When Should You Start Introducing Your Kids To Video Games?

Illustration for article titled When Should You Start Introducing Your Kids To Video Games?

As a gamer parent, I long for the day when I can play side-by-side with my beloved progeny. Overtly or not, I think most of us hope that our kids will turn out to be mini Pokémon trainers or enthusiastic Destiny squadmates. But what’s the best way to introduce children to games?

Sometimes, forcing something too early can have far-reaching consequences. Just ask my friend who tried showing his daughter Star Wars when she was only three years old. He ended up terrifying her so thoroughly that years later, she still won’t go near it. Sometimes, as parents, our enthusiasm to involve our kids in our passions can outweigh our better judgment. I definitely fell victim to this when I put Pokémon Let’s Go on the big TV in the presence of my two-year-old son: his annoyance that I was paying attention to something other than him was so great that he now firmly says “NO NO PIKACHU, MAMA” whenever he sees the Nintendo Switch.

Playing age-appropriate games in front of your kids might seem like the most obvious gentle introduction to video games, but there’s more to consider here. It’s a general principle that up until they are about age three, your toddler will see anything that takes your attention away from them as a Bad Thing. Video games do have a habit of commanding our attention, whether it’s Trials or Mario. Most kids are too little to be able to use a controller themselves at that age, so you’re dependent on their tolerance for watching you play. If you don’t want your wee ‘un to start associating video games with feeling ignored, it might be best to wait until they’re old enough to chat about what’s happening with you, and maybe even try playing themselves.


I think I’m going to wait another year or two before I start incorporating games I want to play into our family time, but I have recently started playing some simple Toca Boca games with my toddler on an iPad. They’re lovely, creative, Swedish digital toys built around ubiquitous small-person themes like trains, birthday parties and play kitchens, and I’ve been surprised and impressed by how quickly he’s picked up touch-screen control. After a couple of weeks, he already doesn’t need my help any more.

This is not my kid, but he also loves Toca Kitchen
This is not my kid, but he also loves Toca Kitchen
Photo: Toca Boca

Like a real-world toy, Toca Boca games allow for creative free-play. These games are so simple that they hold limited interest for me as an adult, but I find it super interesting to see how my child interacts with them. In Toca Kitchen, he enjoys trying to feed pureed lemons to a reluctant cat, and singing a little song about sausages when he fries them in a pan. Games that allow for open-ended rather than goal-oriented play are really well-suited to younger kids.

My friends who play games together with their older children—say, ages seven and up—all tell me that they started by letting their kids watch or experiment with what they were playing, and encouraging their interest when they showed it. Some of their sons and daughters were fascinated by games from the second they first saw them. Others didn’t develop much of an interest until a few years into school, when they started wanting to play Minecraft with their friends, at which point their parents used that as a springboard into the wider world of games.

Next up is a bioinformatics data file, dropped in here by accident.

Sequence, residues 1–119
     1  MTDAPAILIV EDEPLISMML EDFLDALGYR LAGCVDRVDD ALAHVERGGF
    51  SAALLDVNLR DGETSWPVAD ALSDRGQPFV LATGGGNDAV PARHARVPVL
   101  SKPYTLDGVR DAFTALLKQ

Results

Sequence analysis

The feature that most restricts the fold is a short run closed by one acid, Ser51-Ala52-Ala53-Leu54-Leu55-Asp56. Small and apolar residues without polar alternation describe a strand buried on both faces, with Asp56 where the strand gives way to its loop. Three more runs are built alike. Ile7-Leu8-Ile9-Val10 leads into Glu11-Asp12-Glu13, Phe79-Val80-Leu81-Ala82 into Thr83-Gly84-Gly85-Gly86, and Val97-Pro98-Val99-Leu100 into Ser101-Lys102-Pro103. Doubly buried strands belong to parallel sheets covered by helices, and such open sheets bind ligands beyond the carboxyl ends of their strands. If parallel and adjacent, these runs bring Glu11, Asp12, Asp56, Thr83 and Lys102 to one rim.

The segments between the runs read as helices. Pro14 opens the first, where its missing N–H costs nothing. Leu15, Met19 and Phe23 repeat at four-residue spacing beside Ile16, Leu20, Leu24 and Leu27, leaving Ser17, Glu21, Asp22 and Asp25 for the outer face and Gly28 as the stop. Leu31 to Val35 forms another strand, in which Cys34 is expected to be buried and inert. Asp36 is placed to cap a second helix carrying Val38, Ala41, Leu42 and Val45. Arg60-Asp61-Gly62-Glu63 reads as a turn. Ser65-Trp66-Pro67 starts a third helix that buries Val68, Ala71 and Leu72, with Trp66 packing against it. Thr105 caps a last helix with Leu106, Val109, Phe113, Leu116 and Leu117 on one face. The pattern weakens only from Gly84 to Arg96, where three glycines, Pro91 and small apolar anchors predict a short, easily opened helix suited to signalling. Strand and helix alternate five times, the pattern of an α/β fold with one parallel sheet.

It’s important to accept, however, that your kids just might not be that interested, or if they are interested, it might not be in the games you’d prefer. My teen stepson, though a very keen and impressively skilled player, has traditionally shown exactly zero interest in the games that I love. Bar an all-too-brief intersection over Minecraft when he was about six, our tastes remain almost entirely siloed. He loves horror and competitive first-person shooters, whereas I love… pretty much anything but. I now know how an ex-boyfriend’s rockstar father felt when his son turned out to be more interested in computers than Stratocasters. You never know, though. Your seven-year-old might discover that they love to sit and play co-op Spelunky with you, but no matter how careful and enthusiastic you are about introducing them to games, it’s always possible that it might not happen.

Of course I hope that my little kids will love the same kind of games that I did when I was younger, and that one day, I’ll be helping them get to grips with Pokémon types or Zelda secrets. It’s partly because, as a parent, I feel totally equipped to handle that, whereas if they develop an interest in football or gymnastics, I’ll have a pretty steep knowledge curve to scale before I can feel properly involved and supportive. Between now and then, I’m going to be mindful of playing on my kid’s level rather than my own, careful not to force it, and welcoming if and when he does start to show an interest.


How have you introduced games to your kids? How old were they when they started playing? Or are you the only player in your household of five?

Formerly Kotaku UK's editor, now video games editor at the Guardian. I've spent 12 years writing about video games and gaming culture and co-authored a book called You Died: The Dark Souls Companion.

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Evan Narcisse

My rule was always that you shouldn’t really let your kid jump into games before they could read confidently.

Then I had a kid.

That wisdom was harder to implement than it sounded but, ultimately, it proved out my thinking that a kid who could read could better puzzle out stuff themselves. My daughter now plays stuff semi-regularly but (so far) can self-regulate in terms of how much she sinks into stuff. We did Lego Marvel 2 together and it was really fun!